ABSTRACT: Miocene/Quaternary sequence stratigraphy of the Caspian Sea region: interplay of deltaic systems and climatic control on non-marine depositional sequences
Abreu, Vitor, Dag Nummedal, Dan Self, Paul Ware, and Roger Witmer , Unocal, Sugarland, TX
The interplay of the paleo-Volga, paleo-Amu Darya, and paleo-Kura deltas is the most important factor for lithology distribution in the southern Caspian. The three delta systems exhibit significant differences in depositional style. Strong progradation of the paleo-Amu Darya delta occurred from Pereryva to Surakhany (Lower Pliocene) on the Turkmenistan shelf during an overall rise in the Caspian lake level. During the same time interval, aggradation was the primary depositional pattern in the paleo-Volga delta at the Apsheron sill. In the Central Caspian, the paleo-Volga delta is marked by transgressive stratal patterns. In the paleo-Kura system, on the southeast margin of Azerbaijan, a transgressive trend occurred during the deposition of the Lower Productive Series to the mid-Balakhany (uppermost Miocene to Lower Pliocene), with onlap of these units over Miocene and Cretaceous rocks. A major downlap surface developed in the paleo-Kura during mid-Surakhany time. The downlap surface at the base of the paleo-Kura progradation correlates to the upper part of the progradational phase of the paleo Amu-Darya delta. Thus, the paleo-Amu Darya delta could have prograded during rising lake-level, similar to the progradation of the Mississippi delta during the Holocene transgression, controlled primarily by the sediment supply.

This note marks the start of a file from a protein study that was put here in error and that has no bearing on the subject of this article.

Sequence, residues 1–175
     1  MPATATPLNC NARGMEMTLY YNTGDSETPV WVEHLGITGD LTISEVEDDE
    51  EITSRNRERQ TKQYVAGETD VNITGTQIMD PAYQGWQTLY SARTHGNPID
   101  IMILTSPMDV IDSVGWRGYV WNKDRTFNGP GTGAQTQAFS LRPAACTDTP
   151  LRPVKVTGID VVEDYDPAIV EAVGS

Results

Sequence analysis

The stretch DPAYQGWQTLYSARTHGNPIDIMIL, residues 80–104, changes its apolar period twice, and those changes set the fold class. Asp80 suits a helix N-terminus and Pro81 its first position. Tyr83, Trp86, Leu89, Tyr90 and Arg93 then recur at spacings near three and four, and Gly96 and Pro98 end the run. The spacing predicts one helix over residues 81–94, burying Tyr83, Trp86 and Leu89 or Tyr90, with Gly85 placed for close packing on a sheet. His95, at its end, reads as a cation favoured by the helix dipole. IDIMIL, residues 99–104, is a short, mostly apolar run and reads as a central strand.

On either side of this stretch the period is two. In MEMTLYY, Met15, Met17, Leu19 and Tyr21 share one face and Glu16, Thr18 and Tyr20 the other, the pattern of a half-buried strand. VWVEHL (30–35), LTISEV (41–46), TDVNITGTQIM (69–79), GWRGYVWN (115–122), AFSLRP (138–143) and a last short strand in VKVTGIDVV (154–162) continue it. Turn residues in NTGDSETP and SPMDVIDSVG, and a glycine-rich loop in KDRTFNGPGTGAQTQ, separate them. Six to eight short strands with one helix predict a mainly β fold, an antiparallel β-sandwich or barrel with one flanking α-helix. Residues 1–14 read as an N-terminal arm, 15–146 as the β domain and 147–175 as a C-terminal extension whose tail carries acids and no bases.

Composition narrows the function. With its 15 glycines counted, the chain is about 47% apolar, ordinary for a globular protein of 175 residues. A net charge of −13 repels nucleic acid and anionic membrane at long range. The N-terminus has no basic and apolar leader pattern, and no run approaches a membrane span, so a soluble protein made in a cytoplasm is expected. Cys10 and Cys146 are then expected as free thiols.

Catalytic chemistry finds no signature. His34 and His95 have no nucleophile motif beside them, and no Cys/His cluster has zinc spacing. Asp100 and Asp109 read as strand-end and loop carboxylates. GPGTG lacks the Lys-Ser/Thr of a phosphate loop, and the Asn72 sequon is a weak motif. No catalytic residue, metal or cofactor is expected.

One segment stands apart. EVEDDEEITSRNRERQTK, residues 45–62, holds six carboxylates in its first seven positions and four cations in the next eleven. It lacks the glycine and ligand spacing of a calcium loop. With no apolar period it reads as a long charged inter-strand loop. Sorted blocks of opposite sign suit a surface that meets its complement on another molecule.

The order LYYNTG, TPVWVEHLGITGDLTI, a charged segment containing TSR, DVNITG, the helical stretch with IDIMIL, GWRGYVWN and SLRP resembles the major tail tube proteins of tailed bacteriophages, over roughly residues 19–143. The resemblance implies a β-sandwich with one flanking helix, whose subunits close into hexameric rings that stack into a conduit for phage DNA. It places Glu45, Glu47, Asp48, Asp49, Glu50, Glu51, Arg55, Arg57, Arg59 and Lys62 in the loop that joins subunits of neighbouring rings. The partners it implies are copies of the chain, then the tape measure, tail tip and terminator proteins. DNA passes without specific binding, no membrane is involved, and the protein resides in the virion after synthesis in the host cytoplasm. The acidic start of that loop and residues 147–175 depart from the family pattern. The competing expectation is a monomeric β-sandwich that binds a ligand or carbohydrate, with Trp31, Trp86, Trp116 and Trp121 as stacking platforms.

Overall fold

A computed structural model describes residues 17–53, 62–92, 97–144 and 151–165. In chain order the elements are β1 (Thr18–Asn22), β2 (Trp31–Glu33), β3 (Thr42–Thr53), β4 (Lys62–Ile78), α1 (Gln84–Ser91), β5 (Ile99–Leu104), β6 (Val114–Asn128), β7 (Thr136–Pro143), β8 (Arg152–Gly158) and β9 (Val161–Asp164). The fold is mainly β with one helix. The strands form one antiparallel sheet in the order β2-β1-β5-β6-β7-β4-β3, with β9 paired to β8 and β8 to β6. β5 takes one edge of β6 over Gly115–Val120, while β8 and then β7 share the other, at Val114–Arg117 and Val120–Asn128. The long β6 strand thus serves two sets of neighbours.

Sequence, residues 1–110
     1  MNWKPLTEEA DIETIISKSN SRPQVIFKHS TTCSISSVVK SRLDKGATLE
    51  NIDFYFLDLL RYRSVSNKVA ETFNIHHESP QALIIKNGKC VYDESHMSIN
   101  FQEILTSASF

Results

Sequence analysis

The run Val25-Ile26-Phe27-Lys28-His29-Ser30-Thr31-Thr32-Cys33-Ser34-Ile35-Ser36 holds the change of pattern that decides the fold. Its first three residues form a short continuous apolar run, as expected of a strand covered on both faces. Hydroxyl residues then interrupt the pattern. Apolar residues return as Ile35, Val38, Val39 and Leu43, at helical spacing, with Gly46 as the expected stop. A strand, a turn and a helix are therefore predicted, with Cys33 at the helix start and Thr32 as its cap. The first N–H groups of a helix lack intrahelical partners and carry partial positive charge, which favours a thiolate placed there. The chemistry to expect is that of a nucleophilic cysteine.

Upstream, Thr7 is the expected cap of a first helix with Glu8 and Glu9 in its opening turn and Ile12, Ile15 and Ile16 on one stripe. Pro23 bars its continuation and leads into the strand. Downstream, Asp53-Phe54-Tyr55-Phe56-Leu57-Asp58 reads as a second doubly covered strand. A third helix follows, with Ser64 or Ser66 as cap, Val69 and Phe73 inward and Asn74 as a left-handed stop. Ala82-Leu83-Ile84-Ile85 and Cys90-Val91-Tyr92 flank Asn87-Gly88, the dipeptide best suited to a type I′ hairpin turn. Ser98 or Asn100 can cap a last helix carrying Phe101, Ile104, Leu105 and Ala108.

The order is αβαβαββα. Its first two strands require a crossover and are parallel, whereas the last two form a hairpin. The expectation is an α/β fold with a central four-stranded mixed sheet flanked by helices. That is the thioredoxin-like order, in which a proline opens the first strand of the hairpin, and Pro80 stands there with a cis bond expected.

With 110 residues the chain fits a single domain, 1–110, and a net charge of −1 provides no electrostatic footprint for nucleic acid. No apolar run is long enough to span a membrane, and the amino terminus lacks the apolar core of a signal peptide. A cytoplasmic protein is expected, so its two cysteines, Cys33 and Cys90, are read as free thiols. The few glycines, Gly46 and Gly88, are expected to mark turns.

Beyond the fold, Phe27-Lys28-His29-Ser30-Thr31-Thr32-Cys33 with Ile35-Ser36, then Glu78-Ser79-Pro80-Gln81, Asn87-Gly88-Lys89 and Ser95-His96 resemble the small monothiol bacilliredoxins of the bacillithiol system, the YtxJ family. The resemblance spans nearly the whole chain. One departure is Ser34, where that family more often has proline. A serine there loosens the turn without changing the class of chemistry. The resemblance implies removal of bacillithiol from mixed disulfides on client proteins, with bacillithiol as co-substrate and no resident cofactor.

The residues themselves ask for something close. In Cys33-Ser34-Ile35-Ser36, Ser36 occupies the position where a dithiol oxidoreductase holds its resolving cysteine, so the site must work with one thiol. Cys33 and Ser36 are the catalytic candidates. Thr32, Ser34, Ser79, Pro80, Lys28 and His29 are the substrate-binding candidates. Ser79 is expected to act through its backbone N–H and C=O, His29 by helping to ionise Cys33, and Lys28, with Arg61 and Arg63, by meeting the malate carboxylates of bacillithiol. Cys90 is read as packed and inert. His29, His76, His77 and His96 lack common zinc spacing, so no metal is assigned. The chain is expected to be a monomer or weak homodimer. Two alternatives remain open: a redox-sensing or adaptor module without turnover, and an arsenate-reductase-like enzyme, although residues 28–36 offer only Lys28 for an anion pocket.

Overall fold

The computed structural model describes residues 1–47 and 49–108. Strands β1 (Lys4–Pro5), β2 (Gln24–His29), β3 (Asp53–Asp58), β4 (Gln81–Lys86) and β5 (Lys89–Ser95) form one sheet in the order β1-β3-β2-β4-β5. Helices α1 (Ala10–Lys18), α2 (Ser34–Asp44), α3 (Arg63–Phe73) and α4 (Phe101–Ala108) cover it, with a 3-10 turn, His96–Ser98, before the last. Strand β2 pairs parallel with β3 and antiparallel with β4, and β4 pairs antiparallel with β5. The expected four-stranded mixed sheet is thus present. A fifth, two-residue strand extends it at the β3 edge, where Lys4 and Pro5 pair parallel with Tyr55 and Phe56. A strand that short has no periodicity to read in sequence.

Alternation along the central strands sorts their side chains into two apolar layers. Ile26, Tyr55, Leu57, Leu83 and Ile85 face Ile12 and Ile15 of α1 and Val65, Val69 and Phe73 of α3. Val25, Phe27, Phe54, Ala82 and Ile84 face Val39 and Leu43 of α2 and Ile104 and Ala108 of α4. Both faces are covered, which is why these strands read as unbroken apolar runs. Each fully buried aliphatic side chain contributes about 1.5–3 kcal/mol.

Climatic fluctuations exert a dominant control on the style of sedimentation in the South Caspian basin, along with sediment supply. The entire Productive Series reflects the Pliocene "golden climate" when the earth overall was much warmer than today. On a shorter time scale, the stratification pattern is controlled by high-frequency climatic cycles. Climatic cycles of 400, 100 and 20 thousand years seem to be the most important factor controlling the depositional systems in the Caspian Sea during the Pliocene.
AAPG Search and Discovery Article #90913©2000 AAPG International Conference and Exhibition, Bali, Indonesia